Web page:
While public spending on education may see a rise in the forthcoming Union Budget (FY24), the expenditure on education as percentage of GDP is unlikely to increase, an education expert said.
Kamlesh Vyas, partner, Deloitte India, told FE that because it’s the last full Budget of the government before the next general elections are held in 2024, other factors—such as health or social development schemes, direct benefits transfer or LPG subsidy—might take precedence.
“Almost every government says that it will substantially increase the allocation to education as a percentage of GDP, but almost every government has been falling short of this goal,” Vyas said. “A large gap between the 6% target and actual status of investment has remained for decades.”
In the 1960s, the Kothari Commission recommended that the education expenditure as a share of national income be increased from 2.9% in 1965-66 to 6% by 1985-86.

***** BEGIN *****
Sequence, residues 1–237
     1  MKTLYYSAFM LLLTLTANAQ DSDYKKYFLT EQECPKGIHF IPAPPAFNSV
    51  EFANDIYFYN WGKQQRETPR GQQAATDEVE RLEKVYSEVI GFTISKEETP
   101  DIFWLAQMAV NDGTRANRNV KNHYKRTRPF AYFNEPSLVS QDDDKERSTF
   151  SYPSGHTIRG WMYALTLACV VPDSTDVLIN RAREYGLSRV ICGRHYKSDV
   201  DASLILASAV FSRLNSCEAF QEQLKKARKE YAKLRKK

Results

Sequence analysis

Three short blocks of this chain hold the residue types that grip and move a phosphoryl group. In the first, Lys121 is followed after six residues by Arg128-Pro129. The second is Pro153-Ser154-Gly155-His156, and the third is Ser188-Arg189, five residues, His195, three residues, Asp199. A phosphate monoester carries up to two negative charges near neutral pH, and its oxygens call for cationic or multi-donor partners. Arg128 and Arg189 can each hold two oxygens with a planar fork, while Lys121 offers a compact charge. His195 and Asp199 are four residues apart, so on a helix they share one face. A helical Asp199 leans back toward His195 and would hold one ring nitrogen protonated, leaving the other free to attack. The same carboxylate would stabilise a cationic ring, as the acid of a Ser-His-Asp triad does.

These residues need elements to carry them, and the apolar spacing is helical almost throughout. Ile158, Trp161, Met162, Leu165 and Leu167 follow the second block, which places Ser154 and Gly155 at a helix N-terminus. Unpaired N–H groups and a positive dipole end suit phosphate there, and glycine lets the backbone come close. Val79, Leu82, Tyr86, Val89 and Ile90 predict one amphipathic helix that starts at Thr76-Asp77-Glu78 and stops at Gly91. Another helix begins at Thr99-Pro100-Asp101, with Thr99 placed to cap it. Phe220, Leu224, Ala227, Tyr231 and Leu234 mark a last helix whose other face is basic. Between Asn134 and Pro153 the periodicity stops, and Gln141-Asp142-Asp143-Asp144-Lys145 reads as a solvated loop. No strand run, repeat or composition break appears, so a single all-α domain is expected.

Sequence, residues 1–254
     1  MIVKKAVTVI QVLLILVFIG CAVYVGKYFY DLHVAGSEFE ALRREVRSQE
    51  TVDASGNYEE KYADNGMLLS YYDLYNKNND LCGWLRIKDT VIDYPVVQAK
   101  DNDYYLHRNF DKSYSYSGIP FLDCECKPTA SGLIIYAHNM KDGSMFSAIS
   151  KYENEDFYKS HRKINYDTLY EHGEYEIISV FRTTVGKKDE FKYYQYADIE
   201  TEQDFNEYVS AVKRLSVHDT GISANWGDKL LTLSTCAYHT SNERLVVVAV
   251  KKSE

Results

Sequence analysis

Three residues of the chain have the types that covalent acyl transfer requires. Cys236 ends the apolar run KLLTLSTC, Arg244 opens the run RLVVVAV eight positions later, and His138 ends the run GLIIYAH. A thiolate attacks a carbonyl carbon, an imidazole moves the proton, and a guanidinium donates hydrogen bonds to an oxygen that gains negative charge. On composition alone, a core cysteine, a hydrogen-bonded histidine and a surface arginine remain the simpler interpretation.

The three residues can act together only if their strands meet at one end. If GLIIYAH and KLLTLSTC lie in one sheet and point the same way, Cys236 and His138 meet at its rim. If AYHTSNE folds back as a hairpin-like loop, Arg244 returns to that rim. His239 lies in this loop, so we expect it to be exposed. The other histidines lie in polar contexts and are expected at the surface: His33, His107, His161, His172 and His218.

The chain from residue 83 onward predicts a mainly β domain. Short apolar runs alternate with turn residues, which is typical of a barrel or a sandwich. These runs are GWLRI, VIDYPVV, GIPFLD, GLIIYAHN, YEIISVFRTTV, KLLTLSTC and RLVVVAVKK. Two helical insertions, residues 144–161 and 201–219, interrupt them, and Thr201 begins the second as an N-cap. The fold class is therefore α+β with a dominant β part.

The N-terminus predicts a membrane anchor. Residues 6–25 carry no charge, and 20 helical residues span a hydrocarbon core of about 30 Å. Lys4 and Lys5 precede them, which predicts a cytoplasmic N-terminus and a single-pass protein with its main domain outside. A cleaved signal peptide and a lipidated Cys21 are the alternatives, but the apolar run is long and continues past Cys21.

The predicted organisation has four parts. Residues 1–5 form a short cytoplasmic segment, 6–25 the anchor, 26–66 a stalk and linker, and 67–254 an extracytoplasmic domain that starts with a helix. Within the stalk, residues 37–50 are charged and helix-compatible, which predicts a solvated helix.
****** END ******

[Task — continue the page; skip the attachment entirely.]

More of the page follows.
Yet, even in the Budget FY23, the expenditure as a percentage of GDP remained less than 4%.
While Vyas added that the allocation towards legacy schemes such as Mid-Day Meal and Samagra Shiksha cannot be reduced, the increase we were expecting in new schemes such as PM SHRI School or the additional investment required for the implementation of the Digital University or digital initiatives like Swayam may fall short.